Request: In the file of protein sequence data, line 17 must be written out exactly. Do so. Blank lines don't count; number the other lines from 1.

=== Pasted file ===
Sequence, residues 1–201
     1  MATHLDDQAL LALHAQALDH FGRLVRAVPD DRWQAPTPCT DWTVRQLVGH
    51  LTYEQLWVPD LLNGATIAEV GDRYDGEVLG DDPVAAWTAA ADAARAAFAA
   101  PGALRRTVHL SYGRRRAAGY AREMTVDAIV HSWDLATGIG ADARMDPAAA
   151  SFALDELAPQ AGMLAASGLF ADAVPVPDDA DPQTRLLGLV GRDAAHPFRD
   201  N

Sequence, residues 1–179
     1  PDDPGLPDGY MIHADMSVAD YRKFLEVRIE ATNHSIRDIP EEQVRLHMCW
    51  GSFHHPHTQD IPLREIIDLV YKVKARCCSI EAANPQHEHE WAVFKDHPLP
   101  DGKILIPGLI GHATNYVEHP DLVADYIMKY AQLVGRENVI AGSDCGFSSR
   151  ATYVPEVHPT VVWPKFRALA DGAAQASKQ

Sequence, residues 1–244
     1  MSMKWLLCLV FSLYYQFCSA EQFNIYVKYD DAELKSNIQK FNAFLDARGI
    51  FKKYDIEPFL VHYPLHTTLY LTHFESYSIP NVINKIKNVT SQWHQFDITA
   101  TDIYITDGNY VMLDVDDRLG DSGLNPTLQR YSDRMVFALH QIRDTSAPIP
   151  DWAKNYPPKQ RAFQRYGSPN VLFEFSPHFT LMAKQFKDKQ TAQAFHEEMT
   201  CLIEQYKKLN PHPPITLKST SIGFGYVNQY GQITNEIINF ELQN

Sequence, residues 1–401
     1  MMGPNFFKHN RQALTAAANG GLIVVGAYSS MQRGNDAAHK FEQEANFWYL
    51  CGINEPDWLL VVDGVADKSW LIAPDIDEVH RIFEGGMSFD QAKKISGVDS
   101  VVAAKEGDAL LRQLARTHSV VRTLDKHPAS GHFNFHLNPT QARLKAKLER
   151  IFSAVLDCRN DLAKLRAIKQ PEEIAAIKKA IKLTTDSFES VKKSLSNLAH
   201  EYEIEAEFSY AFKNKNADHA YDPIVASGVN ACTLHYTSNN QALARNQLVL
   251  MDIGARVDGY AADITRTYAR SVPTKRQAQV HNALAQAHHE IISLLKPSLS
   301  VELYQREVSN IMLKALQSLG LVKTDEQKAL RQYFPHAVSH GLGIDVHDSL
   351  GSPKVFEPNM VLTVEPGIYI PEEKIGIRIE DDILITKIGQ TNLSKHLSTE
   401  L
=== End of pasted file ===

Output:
   201  CLIEQYKKLN PHPPITLKST SIGFGYVNQY GQITNEIINF ELQN